PostScriptum: but only A.Fleming will be remembered in History.
(When you find something, publish first...and forget about the rest of the hard work!)
 

Offline fontwell

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I remember hearing a chap on Radio 4 who's father was a peer of Fleming. When this chap was was a lad, Fleming took him into his lab and over several hours demonstrated/explained all the work that had gone into making penicillin. This chap said that at no point did Fleming mention Florey and Chain or explain it was them who did all the work.
 

Offline iko

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Quote

...
Penicillin had been discovered by Fleming in 1928
as a result of observations on a mould which developed on some germ culture plates but the active substance was not isolated. In 1939, Florey and Chain headed a team of British scientists, financed by a grant from the Rockefeller Foundation, whose efforts led to the successful small-scale manufacture of the drug from the liquid broth in which it grows. In 1940 a report was issued describing how penicillin had been found to be a chemotherapeutic agent capable of killing sensitive germs in the living body. Thereafter great efforts were made, with government assistance, to enable sufficient quantities of the drug to be made for use in World War II to treat war wounds.
...




« Last Edit: 27/03/2010 16:55:34 by iko »
 

Offline tangoblue

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Ok everybody was wrong, bob the builder discovered it... really... kind of... maybe a little bit... ok maybe he told me a lie *Cry*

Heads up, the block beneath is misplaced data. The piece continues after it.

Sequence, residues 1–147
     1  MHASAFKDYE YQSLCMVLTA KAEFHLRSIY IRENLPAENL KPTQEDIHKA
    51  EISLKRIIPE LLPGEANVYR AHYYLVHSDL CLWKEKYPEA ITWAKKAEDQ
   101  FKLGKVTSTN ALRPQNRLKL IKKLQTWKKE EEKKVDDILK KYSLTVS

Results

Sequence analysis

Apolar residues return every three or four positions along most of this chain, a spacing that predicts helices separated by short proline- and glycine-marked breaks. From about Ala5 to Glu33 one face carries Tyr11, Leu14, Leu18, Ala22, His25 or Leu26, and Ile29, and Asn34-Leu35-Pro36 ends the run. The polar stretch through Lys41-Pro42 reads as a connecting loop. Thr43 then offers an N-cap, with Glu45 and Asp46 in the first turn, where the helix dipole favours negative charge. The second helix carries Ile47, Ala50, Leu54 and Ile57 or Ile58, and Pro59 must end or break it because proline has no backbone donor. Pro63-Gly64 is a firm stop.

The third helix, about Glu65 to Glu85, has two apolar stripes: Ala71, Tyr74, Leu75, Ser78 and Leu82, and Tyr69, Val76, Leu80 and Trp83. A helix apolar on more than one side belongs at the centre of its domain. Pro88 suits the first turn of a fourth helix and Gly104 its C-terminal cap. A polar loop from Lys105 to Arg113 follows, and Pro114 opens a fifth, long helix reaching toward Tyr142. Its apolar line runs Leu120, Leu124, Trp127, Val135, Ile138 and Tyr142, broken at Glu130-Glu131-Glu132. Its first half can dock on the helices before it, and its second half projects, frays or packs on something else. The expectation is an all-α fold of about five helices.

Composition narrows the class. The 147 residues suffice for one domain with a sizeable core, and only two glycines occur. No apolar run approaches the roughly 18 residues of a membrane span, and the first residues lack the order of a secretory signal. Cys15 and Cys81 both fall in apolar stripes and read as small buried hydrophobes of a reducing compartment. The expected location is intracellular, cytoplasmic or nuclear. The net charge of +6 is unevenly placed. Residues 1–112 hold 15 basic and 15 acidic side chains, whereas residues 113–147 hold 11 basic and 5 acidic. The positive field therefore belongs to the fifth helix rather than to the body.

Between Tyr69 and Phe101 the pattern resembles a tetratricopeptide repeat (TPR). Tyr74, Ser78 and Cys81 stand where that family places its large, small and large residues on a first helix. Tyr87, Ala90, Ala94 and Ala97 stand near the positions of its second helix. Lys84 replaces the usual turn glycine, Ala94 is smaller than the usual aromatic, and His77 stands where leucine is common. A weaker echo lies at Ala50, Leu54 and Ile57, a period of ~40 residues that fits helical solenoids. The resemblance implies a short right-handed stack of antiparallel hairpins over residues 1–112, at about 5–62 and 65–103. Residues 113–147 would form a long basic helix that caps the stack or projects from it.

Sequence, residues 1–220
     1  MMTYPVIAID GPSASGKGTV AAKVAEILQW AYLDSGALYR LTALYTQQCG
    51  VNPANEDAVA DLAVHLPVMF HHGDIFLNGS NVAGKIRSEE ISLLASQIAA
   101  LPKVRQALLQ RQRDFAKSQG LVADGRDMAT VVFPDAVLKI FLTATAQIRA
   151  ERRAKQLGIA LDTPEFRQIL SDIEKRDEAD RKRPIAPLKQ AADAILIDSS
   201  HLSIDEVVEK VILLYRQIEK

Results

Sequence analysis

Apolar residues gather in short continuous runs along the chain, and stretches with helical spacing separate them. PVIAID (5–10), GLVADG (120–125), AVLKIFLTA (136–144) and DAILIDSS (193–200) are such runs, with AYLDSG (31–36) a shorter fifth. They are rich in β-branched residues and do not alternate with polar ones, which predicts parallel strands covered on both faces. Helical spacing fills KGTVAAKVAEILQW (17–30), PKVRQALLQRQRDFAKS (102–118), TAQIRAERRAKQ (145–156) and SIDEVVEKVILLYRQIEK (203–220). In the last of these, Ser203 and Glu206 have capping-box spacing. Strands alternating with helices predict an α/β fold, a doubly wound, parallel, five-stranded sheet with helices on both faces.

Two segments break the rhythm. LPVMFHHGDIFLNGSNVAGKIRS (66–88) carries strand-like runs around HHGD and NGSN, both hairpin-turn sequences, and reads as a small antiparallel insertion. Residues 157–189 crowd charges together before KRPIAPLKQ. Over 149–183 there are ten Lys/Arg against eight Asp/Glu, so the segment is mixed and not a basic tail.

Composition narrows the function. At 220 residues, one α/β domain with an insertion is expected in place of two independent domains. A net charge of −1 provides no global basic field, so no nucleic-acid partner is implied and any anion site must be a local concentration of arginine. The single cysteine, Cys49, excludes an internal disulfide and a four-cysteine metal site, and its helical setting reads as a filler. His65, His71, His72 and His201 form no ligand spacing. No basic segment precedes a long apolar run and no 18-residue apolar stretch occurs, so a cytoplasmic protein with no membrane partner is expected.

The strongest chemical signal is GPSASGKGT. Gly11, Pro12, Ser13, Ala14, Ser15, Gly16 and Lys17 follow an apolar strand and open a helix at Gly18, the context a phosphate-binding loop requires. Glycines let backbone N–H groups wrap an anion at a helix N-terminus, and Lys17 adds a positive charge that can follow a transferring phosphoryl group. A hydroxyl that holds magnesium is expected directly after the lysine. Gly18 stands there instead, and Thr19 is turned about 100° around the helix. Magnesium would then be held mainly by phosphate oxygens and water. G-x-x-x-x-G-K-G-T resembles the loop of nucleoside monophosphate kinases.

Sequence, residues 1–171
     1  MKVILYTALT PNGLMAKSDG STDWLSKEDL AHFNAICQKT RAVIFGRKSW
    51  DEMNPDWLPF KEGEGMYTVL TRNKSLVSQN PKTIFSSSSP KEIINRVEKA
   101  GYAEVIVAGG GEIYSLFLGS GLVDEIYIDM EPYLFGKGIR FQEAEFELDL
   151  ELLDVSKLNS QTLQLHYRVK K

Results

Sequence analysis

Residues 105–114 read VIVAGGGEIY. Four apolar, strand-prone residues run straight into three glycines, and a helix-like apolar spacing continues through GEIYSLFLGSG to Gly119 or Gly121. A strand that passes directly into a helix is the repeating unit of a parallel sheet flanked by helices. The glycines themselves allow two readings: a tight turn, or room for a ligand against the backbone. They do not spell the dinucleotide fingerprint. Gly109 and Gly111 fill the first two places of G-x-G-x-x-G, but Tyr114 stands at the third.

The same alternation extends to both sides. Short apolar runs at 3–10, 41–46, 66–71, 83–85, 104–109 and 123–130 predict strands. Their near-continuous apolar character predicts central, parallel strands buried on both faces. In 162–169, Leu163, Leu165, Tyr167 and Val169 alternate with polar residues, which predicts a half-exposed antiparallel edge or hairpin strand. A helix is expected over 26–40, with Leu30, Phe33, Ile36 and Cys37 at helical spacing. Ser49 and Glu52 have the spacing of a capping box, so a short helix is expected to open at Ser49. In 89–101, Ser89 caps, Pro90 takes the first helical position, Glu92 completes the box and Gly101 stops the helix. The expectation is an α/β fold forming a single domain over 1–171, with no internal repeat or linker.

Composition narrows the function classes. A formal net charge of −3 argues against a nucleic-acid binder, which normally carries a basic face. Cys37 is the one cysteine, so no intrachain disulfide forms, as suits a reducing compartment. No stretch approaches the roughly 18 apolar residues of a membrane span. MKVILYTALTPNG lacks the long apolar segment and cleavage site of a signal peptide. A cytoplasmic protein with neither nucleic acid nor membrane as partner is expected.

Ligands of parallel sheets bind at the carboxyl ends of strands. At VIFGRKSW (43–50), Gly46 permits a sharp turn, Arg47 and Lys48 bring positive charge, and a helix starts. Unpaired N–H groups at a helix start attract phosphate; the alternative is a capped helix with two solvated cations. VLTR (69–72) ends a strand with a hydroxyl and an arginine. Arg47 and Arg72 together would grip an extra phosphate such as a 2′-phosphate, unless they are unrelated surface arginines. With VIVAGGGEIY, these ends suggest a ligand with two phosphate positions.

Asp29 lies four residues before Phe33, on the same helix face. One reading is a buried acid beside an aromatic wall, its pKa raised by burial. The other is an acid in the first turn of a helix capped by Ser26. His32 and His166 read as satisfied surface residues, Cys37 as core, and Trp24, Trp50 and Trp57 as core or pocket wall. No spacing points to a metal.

Offline Variola

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And let us not forget to credit 'Mouldy Mary' for her discovery of a piece of rotting melon with Penicillium Notatum growing on it, a strain which proved to be much more productive can previous strain and allowed Florey et al to carry out clinical trials effectively. Most of the strains of P.Notatum we have today come from that one melon  :)
 

Offline tangoblue

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Nope, that was bob the builder as well!
 

Offline tommya300

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Yes, not for discovering it , but for understanding what they discovered.


That did not get Past Your Eyes did it?
 

Offline Ophiolite

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Fleming was not the first to make this observation. In 1874, William Roberts observed that bacterial contamination was rare in cultures of Penicillium glaucum. In looking for confirmation of this online I found this wikipedia article that lists several observations that predate Fleming's discovery.

TangoBlue will be pleased to note that one of the names listed is that of Louis Pasteur.
 

Offline iko

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Ok tangoblue, the circle is closed!
Thanks for the wikilink Ophiolite.
 

Offline tangoblue